Friday, January 21

South African minority investors form activist group to take on Tongaat

A group of South African minority shareholders is coming together to push for a change at debt-laden sugar producer Tongaat Hulett, its leader told Reuters, building on previous efforts by Ascendis Health.

The move signals a further rise in minority shareholder activism in South Africa, after retail investors pushed Ascendis into an asset sale rather than a rights issue to avoid bankruptcy protection earlier this year.


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Harry Smit, the guesthouse owner who spearheaded the campaign at Ascendis, leads a group that is now taking on one of South Africa’s largest sugar producers, which has been struggling with massive debt amidst a accounting fraud discovered in 2019.

The group plans to increase its stake in Tongaat Hulett to 5% by the end of September, Smit told Reuters, spending around R50 million.

It will dilute up to 30% of the stake of some of its members in Ascendis to increase stake, he added.

Once you’ve reached that 5% stake, which Smit says is necessary to persuade management to participate, the group will raise issues related to governance and executive pay, along with other areas that it declined to disclose.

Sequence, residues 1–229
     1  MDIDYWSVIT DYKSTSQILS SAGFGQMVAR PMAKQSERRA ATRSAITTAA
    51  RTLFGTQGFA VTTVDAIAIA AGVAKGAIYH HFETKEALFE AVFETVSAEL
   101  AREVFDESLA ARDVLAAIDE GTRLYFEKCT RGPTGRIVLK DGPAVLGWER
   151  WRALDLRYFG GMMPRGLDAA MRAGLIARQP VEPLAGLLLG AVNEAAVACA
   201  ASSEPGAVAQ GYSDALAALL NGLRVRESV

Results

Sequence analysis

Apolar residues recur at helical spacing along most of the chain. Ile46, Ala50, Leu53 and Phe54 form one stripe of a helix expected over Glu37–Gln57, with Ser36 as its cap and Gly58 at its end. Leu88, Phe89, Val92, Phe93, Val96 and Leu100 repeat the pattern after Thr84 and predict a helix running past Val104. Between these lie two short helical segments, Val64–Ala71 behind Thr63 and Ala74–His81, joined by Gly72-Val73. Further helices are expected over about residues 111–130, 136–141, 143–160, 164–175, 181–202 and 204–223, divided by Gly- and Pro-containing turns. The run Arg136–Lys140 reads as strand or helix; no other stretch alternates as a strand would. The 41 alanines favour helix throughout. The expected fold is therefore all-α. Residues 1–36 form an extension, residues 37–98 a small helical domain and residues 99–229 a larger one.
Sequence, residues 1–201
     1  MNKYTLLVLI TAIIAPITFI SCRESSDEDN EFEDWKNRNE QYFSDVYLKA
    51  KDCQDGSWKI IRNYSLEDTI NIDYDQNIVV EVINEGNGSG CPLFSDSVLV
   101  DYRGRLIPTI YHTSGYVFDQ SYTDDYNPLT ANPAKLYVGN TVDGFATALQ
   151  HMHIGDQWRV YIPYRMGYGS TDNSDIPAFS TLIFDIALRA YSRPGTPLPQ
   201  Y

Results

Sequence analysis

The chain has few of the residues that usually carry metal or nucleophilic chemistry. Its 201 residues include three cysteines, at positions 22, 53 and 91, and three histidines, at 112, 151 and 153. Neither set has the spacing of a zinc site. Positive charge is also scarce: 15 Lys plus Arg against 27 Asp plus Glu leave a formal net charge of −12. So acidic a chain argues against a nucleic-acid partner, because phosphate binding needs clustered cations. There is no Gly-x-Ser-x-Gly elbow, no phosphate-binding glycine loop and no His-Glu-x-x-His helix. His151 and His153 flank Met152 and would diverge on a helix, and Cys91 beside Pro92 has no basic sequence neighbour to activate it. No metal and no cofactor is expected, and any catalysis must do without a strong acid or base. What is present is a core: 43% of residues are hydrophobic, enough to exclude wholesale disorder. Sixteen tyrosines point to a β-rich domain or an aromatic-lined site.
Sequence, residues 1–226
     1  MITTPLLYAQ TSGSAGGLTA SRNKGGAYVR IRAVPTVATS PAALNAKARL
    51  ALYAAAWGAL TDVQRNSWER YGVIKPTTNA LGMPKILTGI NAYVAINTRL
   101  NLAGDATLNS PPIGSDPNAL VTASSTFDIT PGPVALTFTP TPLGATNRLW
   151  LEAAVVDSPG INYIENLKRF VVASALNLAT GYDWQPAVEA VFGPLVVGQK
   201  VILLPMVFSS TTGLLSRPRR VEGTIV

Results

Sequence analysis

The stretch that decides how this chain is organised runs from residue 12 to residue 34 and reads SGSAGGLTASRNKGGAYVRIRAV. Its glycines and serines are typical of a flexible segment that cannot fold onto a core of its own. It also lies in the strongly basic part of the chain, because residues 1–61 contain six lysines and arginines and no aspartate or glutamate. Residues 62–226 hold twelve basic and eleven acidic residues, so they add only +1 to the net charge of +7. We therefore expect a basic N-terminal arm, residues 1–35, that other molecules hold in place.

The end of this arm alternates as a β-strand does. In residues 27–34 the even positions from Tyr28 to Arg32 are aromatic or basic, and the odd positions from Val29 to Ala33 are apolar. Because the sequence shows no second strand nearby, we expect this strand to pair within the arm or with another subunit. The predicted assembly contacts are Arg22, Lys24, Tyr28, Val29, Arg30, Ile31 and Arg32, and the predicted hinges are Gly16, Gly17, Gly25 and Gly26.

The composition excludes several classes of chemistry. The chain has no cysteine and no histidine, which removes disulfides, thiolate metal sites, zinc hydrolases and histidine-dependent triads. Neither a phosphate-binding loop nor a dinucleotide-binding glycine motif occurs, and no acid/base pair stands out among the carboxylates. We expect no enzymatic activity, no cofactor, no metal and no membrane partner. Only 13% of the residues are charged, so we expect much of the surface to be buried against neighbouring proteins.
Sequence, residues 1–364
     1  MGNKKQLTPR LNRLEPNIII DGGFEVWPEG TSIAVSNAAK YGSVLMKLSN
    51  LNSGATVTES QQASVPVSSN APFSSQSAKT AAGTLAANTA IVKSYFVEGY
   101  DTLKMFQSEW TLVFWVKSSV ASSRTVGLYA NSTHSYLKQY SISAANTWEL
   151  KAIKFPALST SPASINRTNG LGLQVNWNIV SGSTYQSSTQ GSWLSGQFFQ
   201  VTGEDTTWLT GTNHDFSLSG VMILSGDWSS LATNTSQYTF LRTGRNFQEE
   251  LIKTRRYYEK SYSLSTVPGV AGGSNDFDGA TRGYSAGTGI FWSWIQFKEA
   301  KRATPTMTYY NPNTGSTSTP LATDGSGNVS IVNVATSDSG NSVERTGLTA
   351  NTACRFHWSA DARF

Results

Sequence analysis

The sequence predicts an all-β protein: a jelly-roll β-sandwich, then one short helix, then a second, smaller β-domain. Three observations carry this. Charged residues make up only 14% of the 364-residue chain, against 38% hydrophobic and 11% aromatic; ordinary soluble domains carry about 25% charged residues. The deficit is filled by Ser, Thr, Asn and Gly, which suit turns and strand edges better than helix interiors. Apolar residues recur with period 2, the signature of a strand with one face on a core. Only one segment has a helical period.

Under the plan, which has not been previously reported, the group will also form a company to further increase its stake in Tongaat. “The intention is much more than 5%,” he said.

The company, in an emailed response to Reuters, said it regularly engaged with stakeholders and encouraged minority shareholders to contact the company “to allow us to provide clarity where necessary.” He said he stayed focused on implementing his existing debt reduction plan.


Before becoming an activist shareholder, Smit ran a boarding house in a seaside town about 250 miles from Cape Town. After being forced to close his doors due to the Covid-19 pandemic, he instead devoted his time to his small investments on the Johannesburg Stock Exchange.

Farm produce farming and processing company Tongaat has taken steps to clean up its books after revealing in 2019 that revenue, earnings and assets had been overstated in previous years.

Tongaat, which also owns a huge commercial land bank, brought in a new administration, reduced debt and sold some assets to help its recovery.

It has lost nearly 90% of its value in the last two and a half years and will not pay dividends until its debt reaches a “sustainable level,” it said in its annual financial statement released last month.

It reported in July that its current liabilities – those to be paid within a year – exceed its current assets by R5.72 million, and that “there is a material uncertainty that may cast significant doubts on the ability of the group and the company to continue as an active concern. ”

Other problems are beyond its control, investors said.

The recent riots in KwaZulu Natal, where the company owns around 2,000 hectares of prime land that is a major driver of its valuation, has raised the risk premium for real estate transactions in the area.

That has made it even more difficult for Tongaat to ditch the asset to pay its installments, said Gary Booysen, a portfolio manager at RandSwiss.

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